Government procurement must be transparent, fair and ethical. This helps ensure there is confidence in government processes. Plan for probity early in the process and make sure it is part of every step of the procurement.
Principles of probity
Probity means integrity, fairness and honesty. This is shown by:
- transparency of actions
- managing conflicts of interest, whether actual or perceived
Buyers and suppliers must deal with each other on the basis of mutual trust and respect. This is important to achieve the goal of value for money.
How to apply probity
Probity should be part of every aspect of every procurement activity.
To achieve an ethical and transparent approach, this means:
- you act with integrity and impartiality
- you ensure market equality by applying a suitable level of competition to the procurement activity
- processes are consistent, transparent and auditable
- ensuring suppliers’ information remains secure and confidential
- you identify and manage conflicts of interest
- you assign appropriate capability to elements of the procurement process
- you engage a probity practitioner if the procurement is complex
Plan for probity
You must plan for probity in the process. More stringent requirements may apply to high-value or complex procurements.
For goods and services, speak to your procurement governance unit about the thresholds that apply.
For construction procurement of more than $10 million you must develop a probity plan.
Probity in practice
Act with integrity and impartiality
You show integrity by:
- being honest, open and transparent in your dealings
- being responsible in the way you use your powers
- addressing improper conduct
- managing any real or perceived conflict of interest
- striving to earn and sustain a high level of public trust
You show impartiality by:
- making decisions and providing advice based on merit rather than bias, unpredictability, favouritism or self-interest
- acting fairly by considering all relevant facts and criteria
Follow other government laws and frameworks
Check what you need to do to follow other government laws and frameworks:
Ensure market equality
- treat all potential suppliers (existing and potential) fairly and equally
- you must provide all suppliers with the same information
- Respond to suppliers’ questions in similar time frames
- give each supplier fair access to visit sites
Follow auditable, accountable processes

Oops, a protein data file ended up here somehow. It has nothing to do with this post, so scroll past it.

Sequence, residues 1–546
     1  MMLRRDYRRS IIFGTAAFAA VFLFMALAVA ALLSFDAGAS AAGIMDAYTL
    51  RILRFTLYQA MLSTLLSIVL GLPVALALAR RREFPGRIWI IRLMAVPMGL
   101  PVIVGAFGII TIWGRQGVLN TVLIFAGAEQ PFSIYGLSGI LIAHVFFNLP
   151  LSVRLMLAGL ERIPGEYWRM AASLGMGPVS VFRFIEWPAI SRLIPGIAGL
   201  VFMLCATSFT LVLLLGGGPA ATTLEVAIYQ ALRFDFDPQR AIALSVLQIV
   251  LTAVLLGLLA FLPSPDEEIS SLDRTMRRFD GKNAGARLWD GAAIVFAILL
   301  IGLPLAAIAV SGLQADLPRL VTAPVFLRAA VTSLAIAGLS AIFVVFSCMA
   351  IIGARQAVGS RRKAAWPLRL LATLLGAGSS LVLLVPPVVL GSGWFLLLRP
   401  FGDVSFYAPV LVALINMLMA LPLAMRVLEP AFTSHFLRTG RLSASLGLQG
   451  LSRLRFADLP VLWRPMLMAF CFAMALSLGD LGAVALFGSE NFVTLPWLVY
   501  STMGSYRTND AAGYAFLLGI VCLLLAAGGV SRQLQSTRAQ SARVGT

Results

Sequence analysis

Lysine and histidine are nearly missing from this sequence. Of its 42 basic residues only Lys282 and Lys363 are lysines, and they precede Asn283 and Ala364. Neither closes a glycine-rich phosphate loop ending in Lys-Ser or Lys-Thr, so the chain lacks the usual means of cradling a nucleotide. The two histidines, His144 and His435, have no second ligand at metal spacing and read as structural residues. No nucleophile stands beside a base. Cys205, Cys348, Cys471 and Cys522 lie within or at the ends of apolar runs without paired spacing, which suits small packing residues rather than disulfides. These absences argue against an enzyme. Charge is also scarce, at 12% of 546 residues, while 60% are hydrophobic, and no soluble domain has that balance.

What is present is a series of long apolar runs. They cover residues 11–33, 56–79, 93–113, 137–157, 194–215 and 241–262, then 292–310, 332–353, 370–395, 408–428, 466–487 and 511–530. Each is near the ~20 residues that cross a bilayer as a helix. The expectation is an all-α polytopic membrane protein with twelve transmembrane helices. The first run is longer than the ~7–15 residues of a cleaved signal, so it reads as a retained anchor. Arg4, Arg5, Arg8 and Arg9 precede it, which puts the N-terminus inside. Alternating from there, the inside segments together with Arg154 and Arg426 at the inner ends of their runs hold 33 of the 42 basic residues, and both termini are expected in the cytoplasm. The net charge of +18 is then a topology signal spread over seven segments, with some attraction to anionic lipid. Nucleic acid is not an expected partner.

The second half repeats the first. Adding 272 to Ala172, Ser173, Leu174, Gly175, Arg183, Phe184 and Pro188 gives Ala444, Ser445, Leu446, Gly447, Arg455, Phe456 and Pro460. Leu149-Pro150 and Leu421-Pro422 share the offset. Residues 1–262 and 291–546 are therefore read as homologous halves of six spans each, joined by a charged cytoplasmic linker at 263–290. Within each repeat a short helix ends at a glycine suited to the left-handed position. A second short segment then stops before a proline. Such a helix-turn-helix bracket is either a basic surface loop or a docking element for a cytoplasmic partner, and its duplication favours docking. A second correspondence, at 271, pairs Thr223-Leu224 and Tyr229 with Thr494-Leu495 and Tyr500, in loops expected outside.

It’s important your procurement and contract management follows the record-keeping requirements of your organisation. Make sure you store all records and documents in accordance with those requirements regardless of whether they’re in paper or electronic form.
Maintain consistent and transparent processes
- apply transparency and fairness throughout the procurement process
- keep records throughout the process, with enough information for independent review
- make sure any change or variation to the process or scope doesn’t unfairly preference any bidder and minimises extra costs
Keep supplier information secure and confidential
Set up procurement processes to make sure information from suppliers stays confidential. This is very important for commercially-sensitive information and intellectual property.
Identify and resolve conflicts of interest
Set up procedures and processes to identify and address conflicts of interest. These may be actual conflicts of interest, or perceived conflicts of interest.
Record all action taken to address them.
If you are buying goods or services, we encourage you to should use the templates.
Assign the right capability to parts of the procurement process
Align procurement processes with capability. Ensure staff and systems match each part of the procurement process.
Engage a probity practitioner
If your procurement is a complex one, you may need probity oversight.
Probity practitioners are:
- independent of the process
- objective and impartial
They will also have no conflicts of interest, and hold the highest ethical standards. There are two roles in which a probity practitioner may be engaged.
A probity auditor:
- is entirely independent
- can observe and report on how the procurement follows regulations, frameworks and standards
- attends any meeting they feel is necessary to gather evidence on the probity of the process
A probity adviser:
- is an integral part of the procurement team
- answers to the project manager
- can provide advice and guidance on how best to achieve standards
- can assist in reaching that standard if problems arise
- attends all project meetings
Benefits of engaging a probity practitioner
A probity practitioner can:
- pre-empt possible probity issues
- minimise complaints
- provide an independent point of view
- add to accountability and transparency of the process
- ensure decisions are documented and defensible
- identify possible issues early
- provide advice on how to respond to issues
Assessing unsolicited proposals
To assess unsolicited proposals for goods and services, download the Guide.
Reviewed 30 October 2018